The vaccine has been promoted as a silver bullet to the COVID crisis for months, and it is absolutely a game changer in the way that COVID will be managed in the coming months. But it’s important to understand how it will change the game and to avoid a false sense of security produced by news of its production, approval and delivery. Here’s some things to think about:
- Timing: The vaccine is being produced in massive numbers, and distributed through federal, state and local means in an unprecedented effort to control the pandemic. But even best case, most people will not receive their first dose until approximately June. In the months between now and June, COVID will likely affect as many people as it has in the entire pandemic so far. Winter, Spring and early Summer are going to see a gradual roll out of the vaccine, both due to production bottlenecks and staged administering of the vaccine. The most at risk and the most likely to be exposed will receive their vaccinations first.
- False Sense of Security: The arriving vaccine is not a cure for COVID. It’s not a treatment at all, it’s a preventative measure. Until around 80% of the populace receives the vaccine, it’s best to act as if the vaccine hasn’t arrived yet, as most people will still be vulnerable to its effects. The vaccine rollout to first responders and medical professionals is no excuse to stop masking up, social distancing or managing your exposure risks.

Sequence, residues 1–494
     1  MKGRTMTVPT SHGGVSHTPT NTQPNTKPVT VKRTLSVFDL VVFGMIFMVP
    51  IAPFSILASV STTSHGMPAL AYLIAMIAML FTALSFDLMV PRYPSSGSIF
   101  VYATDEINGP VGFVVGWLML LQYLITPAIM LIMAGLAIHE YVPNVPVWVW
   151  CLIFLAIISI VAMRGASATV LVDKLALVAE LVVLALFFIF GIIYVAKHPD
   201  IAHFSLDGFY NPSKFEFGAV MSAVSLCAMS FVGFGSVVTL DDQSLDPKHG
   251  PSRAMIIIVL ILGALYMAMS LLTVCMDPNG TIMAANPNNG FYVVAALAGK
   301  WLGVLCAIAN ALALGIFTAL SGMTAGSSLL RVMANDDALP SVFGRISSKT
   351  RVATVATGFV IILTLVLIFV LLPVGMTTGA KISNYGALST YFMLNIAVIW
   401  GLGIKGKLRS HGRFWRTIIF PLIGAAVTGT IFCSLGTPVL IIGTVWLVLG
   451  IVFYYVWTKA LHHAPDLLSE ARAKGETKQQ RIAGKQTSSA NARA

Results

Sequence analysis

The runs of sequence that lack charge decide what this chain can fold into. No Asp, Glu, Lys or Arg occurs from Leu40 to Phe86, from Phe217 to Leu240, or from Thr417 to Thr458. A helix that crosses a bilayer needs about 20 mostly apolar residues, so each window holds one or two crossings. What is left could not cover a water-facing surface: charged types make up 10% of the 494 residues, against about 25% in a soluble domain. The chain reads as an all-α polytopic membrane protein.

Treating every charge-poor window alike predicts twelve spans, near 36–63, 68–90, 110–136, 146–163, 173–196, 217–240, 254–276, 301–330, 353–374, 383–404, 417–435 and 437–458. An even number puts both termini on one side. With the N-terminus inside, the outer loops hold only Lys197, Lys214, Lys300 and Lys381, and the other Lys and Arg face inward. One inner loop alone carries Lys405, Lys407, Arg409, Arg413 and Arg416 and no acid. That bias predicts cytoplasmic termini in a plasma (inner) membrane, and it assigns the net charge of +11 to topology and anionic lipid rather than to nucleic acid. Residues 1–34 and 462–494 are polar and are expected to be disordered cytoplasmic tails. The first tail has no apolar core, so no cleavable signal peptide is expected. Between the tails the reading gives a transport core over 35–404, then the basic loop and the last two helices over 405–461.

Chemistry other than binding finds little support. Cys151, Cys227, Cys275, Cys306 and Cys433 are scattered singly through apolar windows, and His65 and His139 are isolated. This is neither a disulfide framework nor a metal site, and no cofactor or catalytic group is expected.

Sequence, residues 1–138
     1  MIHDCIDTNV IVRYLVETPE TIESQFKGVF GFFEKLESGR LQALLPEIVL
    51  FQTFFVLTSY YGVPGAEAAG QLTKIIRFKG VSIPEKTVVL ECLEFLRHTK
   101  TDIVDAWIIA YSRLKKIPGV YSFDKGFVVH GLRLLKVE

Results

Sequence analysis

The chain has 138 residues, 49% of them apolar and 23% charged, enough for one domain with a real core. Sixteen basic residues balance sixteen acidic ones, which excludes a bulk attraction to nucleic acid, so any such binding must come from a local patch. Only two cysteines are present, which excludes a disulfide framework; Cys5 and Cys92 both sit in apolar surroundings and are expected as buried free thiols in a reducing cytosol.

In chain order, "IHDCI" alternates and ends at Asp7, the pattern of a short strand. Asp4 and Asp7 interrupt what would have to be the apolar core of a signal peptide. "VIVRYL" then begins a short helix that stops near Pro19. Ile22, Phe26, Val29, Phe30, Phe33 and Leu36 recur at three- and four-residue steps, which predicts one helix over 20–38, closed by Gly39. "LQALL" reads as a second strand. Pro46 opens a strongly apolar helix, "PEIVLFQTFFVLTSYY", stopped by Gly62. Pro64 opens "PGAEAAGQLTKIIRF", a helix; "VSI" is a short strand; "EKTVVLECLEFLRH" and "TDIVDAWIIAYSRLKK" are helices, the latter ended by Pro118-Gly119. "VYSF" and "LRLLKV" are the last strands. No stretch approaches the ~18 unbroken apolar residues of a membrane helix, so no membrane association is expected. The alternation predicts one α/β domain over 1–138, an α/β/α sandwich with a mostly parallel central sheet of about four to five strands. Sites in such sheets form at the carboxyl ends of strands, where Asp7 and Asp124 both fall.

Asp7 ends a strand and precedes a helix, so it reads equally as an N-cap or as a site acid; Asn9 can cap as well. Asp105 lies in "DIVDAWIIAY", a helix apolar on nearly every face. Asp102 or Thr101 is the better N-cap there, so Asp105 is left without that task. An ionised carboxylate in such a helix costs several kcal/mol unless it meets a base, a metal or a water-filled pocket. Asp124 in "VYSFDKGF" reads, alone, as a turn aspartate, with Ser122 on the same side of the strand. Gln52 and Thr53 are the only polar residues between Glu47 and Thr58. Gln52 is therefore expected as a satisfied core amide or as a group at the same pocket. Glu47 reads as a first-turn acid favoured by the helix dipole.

- Transmission: There are many unknowns surrounding both the Pfizer and Moderna vaccines. We are very sure that they prevent severe symptoms from COVID in the overwhelming majority of those who receive them. We’re less sure about if they prevent transmission from the vaccinated to unvaccinated, or even between vaccinated patients. One of the reasons for the slow rollout period is to learn more about the epidemiology of the vaccine, and until we hit the critical threshold of around 80% vaccinated, we need to be extremely careful about relaxing our guard. As of early January, 2021, there are studies suggesting that those vaccinated do not pass on the virus to others, but it’s still very much an open question for now.